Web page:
Why Screen Moderation Matters
By Caitlin Bootsma
Many young children may be experiencing an increase in screen time over the past few months due to the pandemic. However, with young children, this could be hindering their brain development. A recent study demonstrated that 3-5 year old children who consumed more than one hour per day of screen time (without the involvement of a parent) had less development in their brain's white matter. This area of the brain is responsible for literacy skills, language development and cognitive skills.
Other studies have linked too much screen time to attention issues, behavioral problems, delays in language and decreased executive functioning. Anecdotally, children who are given screens every time they are waiting (in the grocery lines, in the doctor's office, during mealtimes, in the car, etc.) may not be developing a habit of patience. Kids who are looking at screens are not looking at their family members and developing fundamental relationship skills.
Yet, talking about limiting screen time is one thing, while actually following through with it is another. Particularly when parents have a lot on their plate and everyone is spending a lot more time at home due to the pandemic. Here are a few reasonable things you could start implementing right away to limit screen time:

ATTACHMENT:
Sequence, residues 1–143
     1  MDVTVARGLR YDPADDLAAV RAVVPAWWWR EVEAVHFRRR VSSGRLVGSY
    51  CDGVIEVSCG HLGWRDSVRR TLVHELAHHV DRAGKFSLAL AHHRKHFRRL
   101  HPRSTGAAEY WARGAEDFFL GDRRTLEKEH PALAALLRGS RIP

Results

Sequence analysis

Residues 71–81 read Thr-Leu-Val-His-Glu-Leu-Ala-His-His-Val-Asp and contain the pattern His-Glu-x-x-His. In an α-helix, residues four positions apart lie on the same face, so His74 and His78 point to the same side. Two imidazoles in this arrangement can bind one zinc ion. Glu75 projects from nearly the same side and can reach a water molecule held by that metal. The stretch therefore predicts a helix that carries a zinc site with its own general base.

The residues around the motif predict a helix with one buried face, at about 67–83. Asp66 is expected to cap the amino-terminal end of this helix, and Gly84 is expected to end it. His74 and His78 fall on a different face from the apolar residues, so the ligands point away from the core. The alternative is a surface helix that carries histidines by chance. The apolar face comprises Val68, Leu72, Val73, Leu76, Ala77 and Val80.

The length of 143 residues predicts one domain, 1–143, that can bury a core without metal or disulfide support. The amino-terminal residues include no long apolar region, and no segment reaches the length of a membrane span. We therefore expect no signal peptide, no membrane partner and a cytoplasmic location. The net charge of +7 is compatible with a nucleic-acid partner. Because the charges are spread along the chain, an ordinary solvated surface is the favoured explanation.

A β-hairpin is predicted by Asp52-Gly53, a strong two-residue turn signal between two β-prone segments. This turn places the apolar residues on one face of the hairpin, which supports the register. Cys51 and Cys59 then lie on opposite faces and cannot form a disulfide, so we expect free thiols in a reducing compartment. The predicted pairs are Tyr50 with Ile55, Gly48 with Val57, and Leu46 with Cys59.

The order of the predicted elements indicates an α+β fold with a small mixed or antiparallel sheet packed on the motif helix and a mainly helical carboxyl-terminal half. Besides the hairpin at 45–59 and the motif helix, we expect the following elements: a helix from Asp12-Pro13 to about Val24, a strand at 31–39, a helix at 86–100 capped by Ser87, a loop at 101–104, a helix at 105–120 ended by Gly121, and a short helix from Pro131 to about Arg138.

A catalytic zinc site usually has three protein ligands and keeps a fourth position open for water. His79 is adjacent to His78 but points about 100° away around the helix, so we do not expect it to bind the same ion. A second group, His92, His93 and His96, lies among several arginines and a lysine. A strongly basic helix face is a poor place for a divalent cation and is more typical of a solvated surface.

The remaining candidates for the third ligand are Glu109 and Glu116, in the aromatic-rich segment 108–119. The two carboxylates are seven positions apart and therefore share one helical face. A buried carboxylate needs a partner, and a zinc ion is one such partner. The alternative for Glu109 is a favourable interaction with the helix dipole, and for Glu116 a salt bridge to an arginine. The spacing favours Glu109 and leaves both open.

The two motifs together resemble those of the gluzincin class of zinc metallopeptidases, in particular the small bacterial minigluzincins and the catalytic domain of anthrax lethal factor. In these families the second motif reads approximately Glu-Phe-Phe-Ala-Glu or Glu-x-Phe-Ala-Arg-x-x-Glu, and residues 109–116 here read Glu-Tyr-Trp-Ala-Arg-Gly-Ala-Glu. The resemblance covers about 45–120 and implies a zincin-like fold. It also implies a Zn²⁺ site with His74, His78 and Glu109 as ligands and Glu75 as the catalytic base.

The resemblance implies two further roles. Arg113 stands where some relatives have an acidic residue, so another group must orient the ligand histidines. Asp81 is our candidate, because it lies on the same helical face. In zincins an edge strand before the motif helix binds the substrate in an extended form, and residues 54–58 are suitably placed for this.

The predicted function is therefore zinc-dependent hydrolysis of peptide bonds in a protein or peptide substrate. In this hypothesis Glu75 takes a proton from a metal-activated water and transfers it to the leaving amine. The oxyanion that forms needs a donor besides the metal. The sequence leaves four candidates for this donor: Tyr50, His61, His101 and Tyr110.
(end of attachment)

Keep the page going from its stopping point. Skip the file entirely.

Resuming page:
- Decide on set times for screens and stick to it (e.g., an hour either before dinner or after homework, shows while the baby naps, an hour on Saturday mornings, etc.)
- Adhere to screen limits (American Academy of Pediatrics recommends that children under 2 do not have access to screens, and that other children have 2 hours or less per day)
- Keep screens at home and in shared areas on the house, including smart phones
- Prepare for waiting times in car lines, medical offices, siblings' extracurriculars etc., with other materials like coloring books, books to read, toys and snacks
- Establish a weekly "no screen day" (Sunday is a great day to consider), where everyone (parents included) detoxes from screens
- Weather permitting, make outdoor time equal to, or greater than, screen time
- Model moderation-show by example with intentionally choosing time each day to put away your own cell phone (or other devices) and focus on family interaction or other activities (such as reading or going for a walk)
While keeping these considerations in mind, it's important to acknowledge that we are living in extraordinary times. We all may end up utilizing screens and technology a little more than usual, knowing that hopefully one day soon we can move back to healthier screen habits.
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